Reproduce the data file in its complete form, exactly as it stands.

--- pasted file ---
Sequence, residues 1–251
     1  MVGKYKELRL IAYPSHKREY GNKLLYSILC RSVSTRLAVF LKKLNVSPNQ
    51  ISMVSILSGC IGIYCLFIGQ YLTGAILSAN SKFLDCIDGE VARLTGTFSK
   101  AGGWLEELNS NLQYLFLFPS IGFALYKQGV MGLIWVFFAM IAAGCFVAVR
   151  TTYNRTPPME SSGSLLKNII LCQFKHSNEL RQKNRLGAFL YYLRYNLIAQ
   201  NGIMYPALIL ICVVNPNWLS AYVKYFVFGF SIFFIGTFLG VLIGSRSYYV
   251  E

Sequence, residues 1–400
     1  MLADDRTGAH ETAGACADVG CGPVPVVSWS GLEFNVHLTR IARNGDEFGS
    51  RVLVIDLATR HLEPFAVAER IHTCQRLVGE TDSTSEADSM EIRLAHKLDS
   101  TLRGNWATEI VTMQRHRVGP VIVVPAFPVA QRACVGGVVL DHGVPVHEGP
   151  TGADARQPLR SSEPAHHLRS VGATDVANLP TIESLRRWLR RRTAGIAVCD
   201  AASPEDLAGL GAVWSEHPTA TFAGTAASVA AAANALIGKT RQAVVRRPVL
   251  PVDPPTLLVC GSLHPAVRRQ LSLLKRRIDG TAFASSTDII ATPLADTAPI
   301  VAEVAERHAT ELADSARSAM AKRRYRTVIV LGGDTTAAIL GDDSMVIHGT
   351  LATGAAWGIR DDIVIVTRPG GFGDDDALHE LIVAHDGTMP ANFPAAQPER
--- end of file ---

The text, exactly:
Sequence, residues 1–251
     1  MVGKYKELRL IAYPSHKREY GNKLLYSILC RSVSTRLAVF LKKLNVSPNQ
    51  ISMVSILSGC IGIYCLFIGQ YLTGAILSAN SKFLDCIDGE VARLTGTFSK
   101  AGGWLEELNS NLQYLFLFPS IGFALYKQGV MGLIWVFFAM IAAGCFVAVR
   151  TTYNRTPPME SSGSLLKNII LCQFKHSNEL RQKNRLGAFL YYLRYNLIAQ
   201  NGIMYPALIL ICVVNPNWLS AYVKYFVFGF SIFFIGTFLG VLIGSRSYYV
   251  E

Sequence, residues 1–400
     1  MLADDRTGAH ETAGACADVG CGPVPVVSWS GLEFNVHLTR IARNGDEFGS
    51  RVLVIDLATR HLEPFAVAER IHTCQRLVGE TDSTSEADSM EIRLAHKLDS
   101  TLRGNWATEI VTMQRHRVGP VIVVPAFPVA QRACVGGVVL DHGVPVHEGP
   151  TGADARQPLR SSEPAHHLRS VGATDVANLP TIESLRRWLR RRTAGIAVCD
   201  AASPEDLAGL GAVWSEHPTA TFAGTAASVA AAANALIGKT RQAVVRRPVL
   251  PVDPPTLLVC GSLHPAVRRQ LSLLKRRIDG TAFASSTDII ATPLADTAPI
   301  VAEVAERHAT ELADSARSAM AKRRYRTVIV LGGDTTAAIL GDDSMVIHGT
   351  LATGAAWGIR DDIVIVTRPG GFGDDDALHE LIVAHDGTMP ANFPAAQPER